pyritohedron


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Related to pyritohedron: Scalenohedron, rhombohedron

pyritohedron

[pə¦rīd·ō′hē·drən]
(crystallography)
A dodecahedral crystal with 12 irregular pentagonal faces; it is characteristic of pyrite. Also known as pentagonal dodecahedron; pyritoid; regular dodecahedron.
References in periodicals archive ?
The SEM micrographs of the fracture of CEPBS foam showed that after the incorporation of CE, the cell size distribution became uniform, cellular wall became thin, and the cell structure turned oval to pyritohedron. The highest expansion volume ratio of CEPBS sample was more than 14 times.
The best crystals are pyritohedrons measuring 7 or 8 mm, found as floaters in a pale brown vein of carbonates.
Some of the pyrite crystals are simple, lightly striated pyritohedrons, while others are distorted and show complex morphology, but all are brilliantly lustrous: these little specimens would grace anyone's suite of worldwide pyrites.
Spruce Ridge pyrite crystallizes in cubes, pyritohedrons, and combinations thereof.
Pyrite is very common as beautiful, sharp, octahedral, cubic or cuboctahedral crystals (but never as pyritohedrons).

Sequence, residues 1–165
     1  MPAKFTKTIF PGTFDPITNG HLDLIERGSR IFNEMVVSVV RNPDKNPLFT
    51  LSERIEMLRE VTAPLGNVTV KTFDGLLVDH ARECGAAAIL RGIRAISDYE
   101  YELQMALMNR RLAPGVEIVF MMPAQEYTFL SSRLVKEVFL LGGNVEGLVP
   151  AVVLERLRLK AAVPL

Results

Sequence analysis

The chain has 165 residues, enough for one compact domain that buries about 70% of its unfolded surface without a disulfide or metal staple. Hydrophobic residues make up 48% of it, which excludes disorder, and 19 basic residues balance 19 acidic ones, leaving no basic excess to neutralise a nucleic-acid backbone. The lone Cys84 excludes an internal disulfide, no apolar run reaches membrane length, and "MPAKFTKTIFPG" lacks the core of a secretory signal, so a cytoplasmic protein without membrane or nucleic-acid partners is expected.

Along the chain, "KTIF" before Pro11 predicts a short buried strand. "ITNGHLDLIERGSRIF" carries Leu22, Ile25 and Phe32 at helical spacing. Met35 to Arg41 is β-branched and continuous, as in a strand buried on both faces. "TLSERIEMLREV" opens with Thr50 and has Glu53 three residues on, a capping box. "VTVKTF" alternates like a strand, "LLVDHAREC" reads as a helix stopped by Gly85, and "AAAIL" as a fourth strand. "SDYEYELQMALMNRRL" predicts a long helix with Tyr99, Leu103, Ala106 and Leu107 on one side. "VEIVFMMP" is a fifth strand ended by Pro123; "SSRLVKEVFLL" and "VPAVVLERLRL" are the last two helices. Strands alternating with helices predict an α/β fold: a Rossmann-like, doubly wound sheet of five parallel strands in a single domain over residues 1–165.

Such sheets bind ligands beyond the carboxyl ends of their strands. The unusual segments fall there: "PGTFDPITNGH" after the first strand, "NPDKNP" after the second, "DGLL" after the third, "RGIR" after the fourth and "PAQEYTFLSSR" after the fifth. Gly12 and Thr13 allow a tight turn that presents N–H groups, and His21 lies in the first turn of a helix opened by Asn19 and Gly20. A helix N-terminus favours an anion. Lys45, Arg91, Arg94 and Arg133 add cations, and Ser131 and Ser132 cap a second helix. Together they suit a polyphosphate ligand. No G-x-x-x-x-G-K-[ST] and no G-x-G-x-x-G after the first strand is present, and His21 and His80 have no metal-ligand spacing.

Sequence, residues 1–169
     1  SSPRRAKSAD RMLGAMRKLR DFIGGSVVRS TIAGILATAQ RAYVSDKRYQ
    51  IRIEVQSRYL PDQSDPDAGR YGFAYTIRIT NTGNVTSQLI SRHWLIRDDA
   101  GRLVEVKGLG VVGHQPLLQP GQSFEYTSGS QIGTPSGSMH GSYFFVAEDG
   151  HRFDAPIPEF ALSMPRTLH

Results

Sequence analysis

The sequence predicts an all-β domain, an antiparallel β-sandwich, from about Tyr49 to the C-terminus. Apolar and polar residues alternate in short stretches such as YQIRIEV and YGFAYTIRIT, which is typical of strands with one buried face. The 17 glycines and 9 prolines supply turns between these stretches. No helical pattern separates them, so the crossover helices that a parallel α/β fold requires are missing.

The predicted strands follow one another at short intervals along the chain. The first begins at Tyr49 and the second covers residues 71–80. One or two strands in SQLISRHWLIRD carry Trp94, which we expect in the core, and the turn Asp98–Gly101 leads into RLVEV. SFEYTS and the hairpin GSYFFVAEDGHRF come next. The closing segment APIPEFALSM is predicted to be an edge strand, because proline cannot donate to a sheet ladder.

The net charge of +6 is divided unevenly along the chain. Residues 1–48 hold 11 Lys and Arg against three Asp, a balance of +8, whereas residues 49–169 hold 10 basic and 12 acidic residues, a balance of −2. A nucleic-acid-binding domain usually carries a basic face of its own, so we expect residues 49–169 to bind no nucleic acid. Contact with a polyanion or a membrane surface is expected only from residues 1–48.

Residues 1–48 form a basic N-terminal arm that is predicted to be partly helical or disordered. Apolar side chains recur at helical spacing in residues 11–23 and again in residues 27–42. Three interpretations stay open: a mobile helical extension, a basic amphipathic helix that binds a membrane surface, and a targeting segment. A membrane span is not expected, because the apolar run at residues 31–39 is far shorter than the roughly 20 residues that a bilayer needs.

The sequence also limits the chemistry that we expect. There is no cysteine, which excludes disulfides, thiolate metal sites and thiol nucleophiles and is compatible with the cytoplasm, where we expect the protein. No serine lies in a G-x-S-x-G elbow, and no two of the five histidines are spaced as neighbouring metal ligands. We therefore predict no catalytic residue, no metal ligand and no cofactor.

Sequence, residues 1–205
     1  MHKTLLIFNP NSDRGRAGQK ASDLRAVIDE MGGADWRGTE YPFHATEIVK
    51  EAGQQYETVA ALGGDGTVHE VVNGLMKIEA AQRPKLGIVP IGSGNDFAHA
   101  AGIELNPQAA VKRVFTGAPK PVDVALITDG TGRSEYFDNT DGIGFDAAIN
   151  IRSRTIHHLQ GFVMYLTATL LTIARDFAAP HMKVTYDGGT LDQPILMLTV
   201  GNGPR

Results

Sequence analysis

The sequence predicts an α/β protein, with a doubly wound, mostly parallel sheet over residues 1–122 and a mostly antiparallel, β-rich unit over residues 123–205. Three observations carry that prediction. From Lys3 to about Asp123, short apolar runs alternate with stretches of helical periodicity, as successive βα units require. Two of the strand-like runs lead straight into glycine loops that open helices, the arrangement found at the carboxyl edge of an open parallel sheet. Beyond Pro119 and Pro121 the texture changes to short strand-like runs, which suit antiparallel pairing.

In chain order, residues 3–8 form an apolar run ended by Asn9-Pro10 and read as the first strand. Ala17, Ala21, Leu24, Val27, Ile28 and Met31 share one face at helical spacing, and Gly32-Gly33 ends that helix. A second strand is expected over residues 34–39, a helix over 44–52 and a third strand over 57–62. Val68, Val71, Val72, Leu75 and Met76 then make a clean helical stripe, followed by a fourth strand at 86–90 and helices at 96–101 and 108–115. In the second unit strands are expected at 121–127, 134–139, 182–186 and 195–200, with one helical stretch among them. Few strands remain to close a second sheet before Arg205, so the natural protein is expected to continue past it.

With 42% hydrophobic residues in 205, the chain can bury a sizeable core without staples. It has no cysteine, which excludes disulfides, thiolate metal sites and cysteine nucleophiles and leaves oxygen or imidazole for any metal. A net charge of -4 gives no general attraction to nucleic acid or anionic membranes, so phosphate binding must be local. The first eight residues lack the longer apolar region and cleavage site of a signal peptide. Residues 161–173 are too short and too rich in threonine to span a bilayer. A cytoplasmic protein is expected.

Troy Consolidated Mines, Ltd.; golds from the Smithsonian, including the great, famous, foot-high "Seaweed"; The Literature of Crystallized Gold (with fine old crystal models and drawings)--Geo-Literary Society and the Gemological Institute of America; Gold Mining Memorabilia--Herb and Monika Obodda; Gold From Unusual Places, and Gold Fakes (including a really quite handsome specimen of gold-plated pyrite, with perfect 2-cm pyritohedrons)--Society of Mineral Museum Professionals; the Fricot nugget (really a brilliant crystal specimen about 45 cm wide, found in California in 1865--it is shown on the front and back cover of the second Gold Issue, vol.
The hubnerite, in turn, forms thick growths, like a prickly underbrush, on slightly rough-faced pyrite pyritohedrons to 5 cm on edge, and groups of same to 15 cm across.
Good specimens of barite, enargite, octahedral pyrite, pyrite pyritohedrons, and good iridescent pyrite along with quartz crystals were collected.
In addit ion there were Scandinavian classics like loose, sharp 2-cm pyritohedrons of cobaltite and sharp, lustrous pseudo-octahedrons of glaucodot from Sweden; well crystallized leucophanite, columbite and thortveitite from Norway; and richly brownish red, euhedral crystals of eudialyte to 2 cm in complex ultra-alkaline matrix, not from the Kola Peninsula, Russia, but from 19th-century localities in Greenland.